In the Slovak Republic we focus on:
Deepening financial intermediation and support for SMEs. The EBRD’s engagement in the financial institutions sector is focussed on further enhancement of the availability of credit finance to small and medium-sized local enterprises as well as to small municipalities with an emphasis on deepening financial intermediation to SMEs in the less developed regions of the country. The EBRD also seeks to expand programmes implemented through commercial banks providing funding and expert assistance for small energy efficiency and renewable energy investments. We are also pursuing opportunities with financial intermediaries on equity and mezzanine financing.
Supporting investments in infrastructure, energy security and energy efficiency. The EBRD is supporting the development of viable financing structures to secure long term financing for projects in the commercial infrastructure sector through co-operation with other IFIs and private sector participants. We are promoting the diversification of energy supply with a focus on renewable energy sources and energy efficiency throughout sectors to enhance energy security, reduce energy intensity and meet EU environmental targets.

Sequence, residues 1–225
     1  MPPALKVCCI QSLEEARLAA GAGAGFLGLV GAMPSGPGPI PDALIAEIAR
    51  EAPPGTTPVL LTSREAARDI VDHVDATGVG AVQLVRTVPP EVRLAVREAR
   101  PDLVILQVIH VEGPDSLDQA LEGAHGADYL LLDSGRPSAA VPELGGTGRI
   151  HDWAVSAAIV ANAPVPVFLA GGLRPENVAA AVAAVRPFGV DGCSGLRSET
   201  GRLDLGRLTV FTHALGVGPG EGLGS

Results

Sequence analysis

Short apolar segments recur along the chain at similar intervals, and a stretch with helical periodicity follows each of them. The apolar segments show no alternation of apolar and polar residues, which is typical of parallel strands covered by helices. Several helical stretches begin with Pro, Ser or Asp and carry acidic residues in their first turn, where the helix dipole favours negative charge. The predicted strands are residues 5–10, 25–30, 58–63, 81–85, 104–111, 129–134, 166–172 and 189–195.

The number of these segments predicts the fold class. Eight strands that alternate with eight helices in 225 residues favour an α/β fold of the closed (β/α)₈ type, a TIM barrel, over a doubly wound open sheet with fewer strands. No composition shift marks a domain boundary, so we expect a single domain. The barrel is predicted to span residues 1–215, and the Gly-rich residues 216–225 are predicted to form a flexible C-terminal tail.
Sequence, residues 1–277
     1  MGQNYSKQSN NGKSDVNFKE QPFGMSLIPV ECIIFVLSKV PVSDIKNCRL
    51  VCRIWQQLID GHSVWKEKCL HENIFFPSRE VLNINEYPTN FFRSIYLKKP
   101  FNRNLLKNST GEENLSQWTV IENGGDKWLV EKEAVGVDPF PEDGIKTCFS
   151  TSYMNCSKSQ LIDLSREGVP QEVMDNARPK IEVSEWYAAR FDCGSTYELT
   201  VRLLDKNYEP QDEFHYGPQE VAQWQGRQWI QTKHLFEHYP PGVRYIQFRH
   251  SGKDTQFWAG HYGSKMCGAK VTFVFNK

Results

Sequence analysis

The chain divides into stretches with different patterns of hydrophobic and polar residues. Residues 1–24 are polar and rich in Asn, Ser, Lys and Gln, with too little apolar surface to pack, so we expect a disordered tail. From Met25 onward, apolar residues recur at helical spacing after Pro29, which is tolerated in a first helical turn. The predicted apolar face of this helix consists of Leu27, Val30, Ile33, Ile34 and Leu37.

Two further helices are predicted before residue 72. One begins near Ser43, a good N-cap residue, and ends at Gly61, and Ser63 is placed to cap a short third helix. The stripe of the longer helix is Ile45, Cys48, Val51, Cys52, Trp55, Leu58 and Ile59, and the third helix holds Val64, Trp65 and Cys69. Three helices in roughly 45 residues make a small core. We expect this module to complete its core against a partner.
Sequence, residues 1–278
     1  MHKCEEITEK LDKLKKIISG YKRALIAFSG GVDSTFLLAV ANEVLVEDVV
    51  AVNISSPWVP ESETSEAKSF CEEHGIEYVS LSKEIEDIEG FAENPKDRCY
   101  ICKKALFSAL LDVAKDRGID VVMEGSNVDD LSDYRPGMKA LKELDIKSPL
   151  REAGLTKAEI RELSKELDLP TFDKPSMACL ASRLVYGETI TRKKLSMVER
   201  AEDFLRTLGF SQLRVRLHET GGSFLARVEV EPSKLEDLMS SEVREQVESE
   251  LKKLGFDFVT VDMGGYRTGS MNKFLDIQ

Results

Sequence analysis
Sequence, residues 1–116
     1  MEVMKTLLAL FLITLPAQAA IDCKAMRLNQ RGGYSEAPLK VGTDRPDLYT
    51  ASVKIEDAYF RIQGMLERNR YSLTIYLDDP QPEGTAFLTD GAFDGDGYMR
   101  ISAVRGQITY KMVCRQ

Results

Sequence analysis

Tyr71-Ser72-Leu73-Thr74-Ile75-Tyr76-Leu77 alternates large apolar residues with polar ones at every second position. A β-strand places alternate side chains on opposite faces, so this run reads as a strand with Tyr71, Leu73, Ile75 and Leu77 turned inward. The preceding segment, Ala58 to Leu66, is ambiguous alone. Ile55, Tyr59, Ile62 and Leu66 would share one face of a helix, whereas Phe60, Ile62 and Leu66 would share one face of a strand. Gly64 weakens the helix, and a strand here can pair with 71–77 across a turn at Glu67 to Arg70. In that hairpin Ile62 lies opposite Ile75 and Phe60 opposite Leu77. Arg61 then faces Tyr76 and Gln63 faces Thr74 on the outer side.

Support cross border co-operation and investments of leading local entities in other countries of EBRD operations in order to enhance their regional presence.
Current EBRD forecast for the Slovak Republic’s real GDP growth in 2019 2.5%
Current EBRD forecast for the Slovak Republic’s real GDP growth in 2020 2.5%
Domestic demand, particularly household consumption and investment, continued to underpin GDP growth of 4.0 per cent in 2018. However, a slowdown was evident in the first half of 2019, with the economy growing by just 3.0 per cent year on year. Amid weakening external demand in western Europe, export growth lost momentum and reached 3.9 per cent in the first half of the year.
Inflation accelerated to 2.5 per cent in 2018, and further to 3.0 per cent in July 2019. Service price inflation saw the greatest hikes, in line with expectations of rapidly rising wages and positive consumer confidence. External uncertainties are the main risks to further economic growth, especially for the automotive industry, including its SME-led supply base.
GDP growth is likely to continue to be driven by domestic demand, although its strength will moderate. We expect growth to slow to 2.5 per cent in both 2019 and 2020, representing a large downward revision (of 1.1 percentage points in 2019 and 0.8 percentage point in 2020).
Key negative risks include the possibility of a hard Brexit and the eurozone’s economic slowdown. By contrast, improved absorption of EU funds provides potential for an upside.